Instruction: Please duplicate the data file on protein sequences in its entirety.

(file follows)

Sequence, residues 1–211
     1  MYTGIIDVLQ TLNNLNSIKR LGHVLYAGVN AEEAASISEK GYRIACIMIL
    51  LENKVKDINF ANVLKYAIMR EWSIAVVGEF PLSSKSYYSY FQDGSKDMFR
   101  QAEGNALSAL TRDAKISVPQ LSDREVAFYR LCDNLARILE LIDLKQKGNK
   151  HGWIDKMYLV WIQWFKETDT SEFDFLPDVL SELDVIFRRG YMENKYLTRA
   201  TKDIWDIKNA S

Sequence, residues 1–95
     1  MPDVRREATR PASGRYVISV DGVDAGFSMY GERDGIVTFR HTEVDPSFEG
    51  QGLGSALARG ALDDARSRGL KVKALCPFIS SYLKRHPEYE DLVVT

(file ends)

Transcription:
Sequence, residues 1–211
     1  MYTGIIDVLQ TLNNLNSIKR LGHVLYAGVN AEEAASISEK GYRIACIMIL
    51  LENKVKDINF ANVLKYAIMR EWSIAVVGEF PLSSKSYYSY FQDGSKDMFR
   101  QAEGNALSAL TRDAKISVPQ LSDREVAFYR LCDNLARILE LIDLKQKGNK
   151  HGWIDKMYLV WIQWFKETDT SEFDFLPDVL SELDVIFRRG YMENKYLTRA
   201  TKDIWDIKNA S

Sequence, residues 1–95
     1  MPDVRREATR PASGRYVISV DGVDAGFSMY GERDGIVTFR HTEVDPSFEG
    51  QGLGSALARG ALDDARSRGL KVKALCPFIS SYLKRHPEYE DLVVT